Thanksgiving is a time to look back on the year gone by and reflect what you are thankful for. Thankfulness can come in many forms–having a new job, being able to provide for your family, or keeping friendships alive. For Americans, we have an extra reason to be thankful. Men and women in uniform working overseas and domestically make it possible for us to live in a free country.
For those who are overseas during the Thanksgiving holiday, the feeling can be bittersweet. Some are in war-torn areas fighting the enemy and most are away from the comforts of home and their families. There have been 152 recognized Thanksgiving holidays since its inception and despite being in unfamiliar territory, the armed forces have tried to make Thanksgiving as normal as possible for those deployed.
Even though the first nationally recognized Thanksgiving was not observed by the military because of a shortage of resources, over the years, there has been a push to have a Thanksgiving meal, regardless of where a service member is stationed. This food is usually gathered starting in May and sent out with the temperature-controlled food taking up to three months to reach its destination.
According to the Department of Defense, this is how much food was shipped out to various military bases across the world to prepare for a Thanksgiving feast last year:
- 51,699 pounds of turkey
- 25,970 pounds of beef
- 17,130 pounds of ham
- 706 gallons of eggnog
- 3,360 pounds of marshmallows
That is the equivalent to:
- 17 adult female hippos
- 14 1/2 Smart cars
- 24 male zebras
- 45 1/2 full kegs of beer
- 122 gold bars
The gathering of food doesn’t just stop at traditional holiday fare either. The Oak Lawn Park district in Illinois held its 6th annual Treats for Troops drive to send leftover and extra Halloween candy to those serving overseas.
While having a hot dinner can help stave off the feeling of homesickness during the holiday season, physically being with family and friends can make the holidays that much better. Spencer Girard, a seaman stationed in Norfolk, VA won a “Happy ThanksGathering” lottery to be the only person out of all the sailors and Marines stationed to be reunited with his family for the holiday. Katherine Girard said she hadn’t seen her son in a year and a half and being with him for the holidays last November was extra special, “The way they did it was just … oh my goodness. I didn’t know Norfolk was the world’s largest naval station, but you see when you get there. They spent a huge amount of money to treat everyone to a great Thanksgiving.”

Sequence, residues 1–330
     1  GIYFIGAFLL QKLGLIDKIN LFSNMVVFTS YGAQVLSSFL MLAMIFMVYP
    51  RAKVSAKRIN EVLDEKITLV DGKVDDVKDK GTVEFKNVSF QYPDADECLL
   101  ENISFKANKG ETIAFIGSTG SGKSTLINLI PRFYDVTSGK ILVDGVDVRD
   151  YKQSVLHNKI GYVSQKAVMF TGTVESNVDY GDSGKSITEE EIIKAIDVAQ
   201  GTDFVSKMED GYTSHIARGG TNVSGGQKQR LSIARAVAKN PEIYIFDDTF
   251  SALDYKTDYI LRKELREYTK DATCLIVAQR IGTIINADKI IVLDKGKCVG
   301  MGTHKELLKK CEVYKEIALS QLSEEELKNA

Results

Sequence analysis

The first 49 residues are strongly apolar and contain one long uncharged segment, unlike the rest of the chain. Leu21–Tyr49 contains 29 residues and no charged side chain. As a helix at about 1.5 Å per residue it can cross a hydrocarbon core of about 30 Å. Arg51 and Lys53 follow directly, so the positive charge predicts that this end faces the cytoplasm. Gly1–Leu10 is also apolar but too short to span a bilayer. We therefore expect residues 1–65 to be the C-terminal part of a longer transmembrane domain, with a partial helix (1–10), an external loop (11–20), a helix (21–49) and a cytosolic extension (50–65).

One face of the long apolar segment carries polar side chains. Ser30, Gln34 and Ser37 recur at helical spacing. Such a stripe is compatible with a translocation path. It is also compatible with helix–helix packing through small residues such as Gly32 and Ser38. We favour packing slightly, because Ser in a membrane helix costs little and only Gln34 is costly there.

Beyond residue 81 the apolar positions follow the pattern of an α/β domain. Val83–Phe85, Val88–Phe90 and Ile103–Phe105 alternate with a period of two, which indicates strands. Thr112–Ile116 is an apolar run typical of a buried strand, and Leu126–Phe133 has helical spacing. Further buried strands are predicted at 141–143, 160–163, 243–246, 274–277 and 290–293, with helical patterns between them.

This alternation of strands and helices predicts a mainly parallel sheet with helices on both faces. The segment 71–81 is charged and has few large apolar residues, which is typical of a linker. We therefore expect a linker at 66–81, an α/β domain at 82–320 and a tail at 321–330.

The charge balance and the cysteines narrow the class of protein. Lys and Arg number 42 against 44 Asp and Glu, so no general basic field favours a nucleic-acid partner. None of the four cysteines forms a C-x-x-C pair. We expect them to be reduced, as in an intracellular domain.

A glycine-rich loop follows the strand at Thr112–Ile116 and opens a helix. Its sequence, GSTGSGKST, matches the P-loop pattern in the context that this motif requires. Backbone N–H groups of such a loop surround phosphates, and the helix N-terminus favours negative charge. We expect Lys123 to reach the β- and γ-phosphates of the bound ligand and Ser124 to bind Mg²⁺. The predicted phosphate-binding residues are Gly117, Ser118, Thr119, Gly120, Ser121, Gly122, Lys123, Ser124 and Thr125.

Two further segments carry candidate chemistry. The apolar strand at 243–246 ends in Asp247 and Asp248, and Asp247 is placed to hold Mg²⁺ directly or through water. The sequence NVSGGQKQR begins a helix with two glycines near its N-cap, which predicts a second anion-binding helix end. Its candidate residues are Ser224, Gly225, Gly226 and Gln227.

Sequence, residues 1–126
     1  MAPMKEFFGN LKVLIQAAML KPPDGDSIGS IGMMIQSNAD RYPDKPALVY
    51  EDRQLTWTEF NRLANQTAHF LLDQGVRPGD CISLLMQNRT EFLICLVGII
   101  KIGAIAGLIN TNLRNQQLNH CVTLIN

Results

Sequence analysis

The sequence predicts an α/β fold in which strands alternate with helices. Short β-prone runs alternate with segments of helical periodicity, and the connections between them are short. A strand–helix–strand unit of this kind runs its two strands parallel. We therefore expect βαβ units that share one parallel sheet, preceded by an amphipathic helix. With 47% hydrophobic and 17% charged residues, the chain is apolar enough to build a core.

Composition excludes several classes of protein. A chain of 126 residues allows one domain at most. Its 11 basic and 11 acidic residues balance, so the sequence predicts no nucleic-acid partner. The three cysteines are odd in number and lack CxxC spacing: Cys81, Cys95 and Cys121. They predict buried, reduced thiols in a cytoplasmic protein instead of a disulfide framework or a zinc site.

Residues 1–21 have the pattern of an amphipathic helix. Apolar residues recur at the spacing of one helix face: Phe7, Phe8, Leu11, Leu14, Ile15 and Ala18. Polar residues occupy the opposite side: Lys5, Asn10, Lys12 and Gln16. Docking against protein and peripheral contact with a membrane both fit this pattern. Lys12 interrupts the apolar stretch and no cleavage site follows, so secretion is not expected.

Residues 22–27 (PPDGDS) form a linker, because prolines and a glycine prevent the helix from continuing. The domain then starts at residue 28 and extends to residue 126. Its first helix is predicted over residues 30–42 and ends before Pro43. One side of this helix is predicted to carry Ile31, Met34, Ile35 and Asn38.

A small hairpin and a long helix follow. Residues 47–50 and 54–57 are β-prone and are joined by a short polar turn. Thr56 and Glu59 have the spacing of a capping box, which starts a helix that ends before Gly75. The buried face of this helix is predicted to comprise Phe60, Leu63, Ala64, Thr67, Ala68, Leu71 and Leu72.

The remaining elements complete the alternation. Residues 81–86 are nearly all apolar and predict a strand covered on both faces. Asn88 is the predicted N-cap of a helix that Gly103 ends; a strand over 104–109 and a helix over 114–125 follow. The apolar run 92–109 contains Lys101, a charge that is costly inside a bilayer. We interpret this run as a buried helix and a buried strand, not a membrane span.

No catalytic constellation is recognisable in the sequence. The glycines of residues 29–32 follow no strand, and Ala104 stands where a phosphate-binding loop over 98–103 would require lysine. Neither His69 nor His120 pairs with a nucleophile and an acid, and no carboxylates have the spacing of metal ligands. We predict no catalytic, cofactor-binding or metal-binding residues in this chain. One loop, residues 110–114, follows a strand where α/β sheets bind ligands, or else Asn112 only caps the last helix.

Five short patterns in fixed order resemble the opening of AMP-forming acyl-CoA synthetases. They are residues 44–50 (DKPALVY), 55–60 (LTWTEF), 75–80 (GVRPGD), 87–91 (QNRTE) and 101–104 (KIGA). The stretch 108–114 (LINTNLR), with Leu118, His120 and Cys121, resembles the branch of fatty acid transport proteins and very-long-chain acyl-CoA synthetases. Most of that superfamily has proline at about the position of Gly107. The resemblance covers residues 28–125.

On November 5, 2016, in the Albuquerque Convention Center while being welcomed back with the 126th Military Police Company from the Middle East, Specialist Rene Lopez held her daughter Amaya as her husband Specialist Jassen Lopez looked on. The couple were deployed to Kuwait together and left their four children, ages 3 to 8, in the care of family.
“Thanksgiving has come early to the people of the state of New Mexico,” Brigadier General Andy Salas, the state Guard’s adjutant general, told the crowd. The 120 soldiers who performed custom inspections-type work in maritime ports and airports across different parts of the Middle East wasn’t due back to the United States until January.
Kristen Smith, an Army wife, understands the changing nature of spending the holidays with someone in the military. Last year, she recalled how different the past 11 Thanksgivings have been with, and without, her husband. Thanksgiving celebrations varied greatly from sitting on the couch with her son watching movies to finally having her husband home last year for a “shockingly normal holiday.” For Smith, having such different variations of celebrating the Thanksgiving holiday has helped her be grateful in a way that she “could never have understood 12 years ago.”
During this holiday season, and every season, we are thankful for the work our troops do overseas so we can enjoy the freedom we have today. The Purple Heart Foundation is committed to assisting veterans in all aspects of their lives, including helping those who are in need of assistance while transitioning home from the battlefield. You can show your support for these brave men and women who have sacrificed so much for our country by making a one-time or monthly pledge to ensure veterans continue to get the support and benefits they deserve by clicking here.